A View from Kevin Bullis
Detroit Auto Show: Will Ford's New Car Really Get 100 Miles Per Gallon?
The fuel consumption of the new Fusion Energi will depend on how it’s used.
Ford unveiled its new Fusion Energi plug-in hybrid at the North American International Auto Show in Detroit this week. It didn’t say much about the car, except that it will get something like 100 miles per gallon equivalent (MPGe), which is better than the Chevrolet Volt or the upcoming Toyota Prius plug-in, and that it will go on sale toward the end of this year.
Of course, 100 miles per gallon equivalent sounds impressive. Unfortunately, the MPGe figure is not very meaningful. It’s useful as a way of comparing the efficiency of cars when they are operating in electric mode, but for a plug-in hybrid, which can run part time on gasoline, it doesn’t tell drivers what they really want to know: how much gas the car will use and how much it will cost to operate.
According to the U.S. Environmental Protection Agency definition, MPGe is meant to describe the efficiency of the vehicle when operating using electricity alone, which in a plug-in hybrid is typically only a relatively short range—the Chevrolet Volt can go about 35 miles on the electricity stored in its battery. MPGe refers to how many miles the car can go on an amount of electricity equivalent to a gallon of gasoline.
Based on the figure of 100 MPGe, we know that the Fusion Energi will be slightly more efficient in electric mode than the Volt (93 MPGe) and the all-electric Leaf (99 MPGe).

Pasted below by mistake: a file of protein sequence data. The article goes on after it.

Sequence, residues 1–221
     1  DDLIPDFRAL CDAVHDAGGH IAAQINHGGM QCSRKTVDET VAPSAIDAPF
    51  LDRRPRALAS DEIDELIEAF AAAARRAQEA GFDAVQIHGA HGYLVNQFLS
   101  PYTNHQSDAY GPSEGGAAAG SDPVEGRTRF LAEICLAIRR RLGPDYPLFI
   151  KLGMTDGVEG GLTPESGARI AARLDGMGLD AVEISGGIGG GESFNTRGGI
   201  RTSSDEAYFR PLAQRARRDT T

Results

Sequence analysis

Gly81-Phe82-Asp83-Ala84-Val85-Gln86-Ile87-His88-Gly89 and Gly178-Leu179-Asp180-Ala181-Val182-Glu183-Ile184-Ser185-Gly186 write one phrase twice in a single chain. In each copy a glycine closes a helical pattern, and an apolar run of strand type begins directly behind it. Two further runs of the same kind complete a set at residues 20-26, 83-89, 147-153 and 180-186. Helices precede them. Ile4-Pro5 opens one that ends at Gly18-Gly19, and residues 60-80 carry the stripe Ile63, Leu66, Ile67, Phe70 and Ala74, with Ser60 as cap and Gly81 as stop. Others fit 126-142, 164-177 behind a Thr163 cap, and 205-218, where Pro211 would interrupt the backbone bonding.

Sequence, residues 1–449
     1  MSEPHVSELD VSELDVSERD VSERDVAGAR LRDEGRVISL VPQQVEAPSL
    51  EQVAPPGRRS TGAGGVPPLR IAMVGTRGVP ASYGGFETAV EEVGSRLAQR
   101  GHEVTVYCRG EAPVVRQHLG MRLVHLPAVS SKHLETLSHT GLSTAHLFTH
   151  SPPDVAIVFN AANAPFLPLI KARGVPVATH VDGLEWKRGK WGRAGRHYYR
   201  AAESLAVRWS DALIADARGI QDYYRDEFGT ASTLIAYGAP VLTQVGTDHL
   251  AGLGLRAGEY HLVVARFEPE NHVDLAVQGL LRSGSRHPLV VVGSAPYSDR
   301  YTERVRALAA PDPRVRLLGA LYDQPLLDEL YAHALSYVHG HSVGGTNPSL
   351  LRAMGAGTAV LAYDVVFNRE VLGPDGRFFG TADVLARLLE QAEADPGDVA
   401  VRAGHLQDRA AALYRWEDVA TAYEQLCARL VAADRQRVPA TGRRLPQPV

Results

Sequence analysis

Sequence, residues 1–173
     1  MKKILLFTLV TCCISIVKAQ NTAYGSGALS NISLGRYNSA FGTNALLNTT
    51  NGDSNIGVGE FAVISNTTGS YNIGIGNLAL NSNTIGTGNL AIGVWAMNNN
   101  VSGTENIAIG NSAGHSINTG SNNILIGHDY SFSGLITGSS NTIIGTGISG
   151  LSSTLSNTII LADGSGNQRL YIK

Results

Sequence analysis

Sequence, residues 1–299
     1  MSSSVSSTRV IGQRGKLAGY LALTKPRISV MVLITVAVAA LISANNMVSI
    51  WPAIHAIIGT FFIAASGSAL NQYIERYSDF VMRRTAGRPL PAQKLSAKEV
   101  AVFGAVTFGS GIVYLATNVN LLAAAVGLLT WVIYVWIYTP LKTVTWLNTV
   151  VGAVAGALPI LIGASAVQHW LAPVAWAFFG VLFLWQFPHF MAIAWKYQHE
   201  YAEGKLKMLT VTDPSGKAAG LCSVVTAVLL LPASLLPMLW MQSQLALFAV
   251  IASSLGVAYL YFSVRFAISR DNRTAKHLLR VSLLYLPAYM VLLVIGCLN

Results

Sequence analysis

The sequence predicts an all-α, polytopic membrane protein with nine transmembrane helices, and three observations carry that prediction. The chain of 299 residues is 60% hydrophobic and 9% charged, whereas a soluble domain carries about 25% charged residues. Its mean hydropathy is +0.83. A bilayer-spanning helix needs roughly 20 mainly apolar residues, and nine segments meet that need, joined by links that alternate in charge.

But drivers need to know how far the car can go on electricity and under what conditions the gas engine will come on, to figure out how much gas they’d use. The Chevrolet Volt can go 35 miles on battery power before using the gas engine. The upcoming Toyota plug-in Prius will only get about a dozen miles on a charge. If your commute is 30 miles round trip, you could get away without using any gasoline with the Volt, but not with the Prius. If your commute is much longer than the Volt electric range, you may want to consider the Prius, which gets 49 miles per gallon after the electricity is gone, rather than 37 miles per gallon for the Volt.
So we don’t know how far the Fusion Energi will go on battery power. We don’t even know if it will be able to achieve highway speeds on electricity alone. And there’s no way for drivers to know how much gas it would use, or whether it would make more or less sense to buy than its competitors.
Become an MIT Technology Review Insider for in-depth analysis and unparalleled perspective.Subscribe today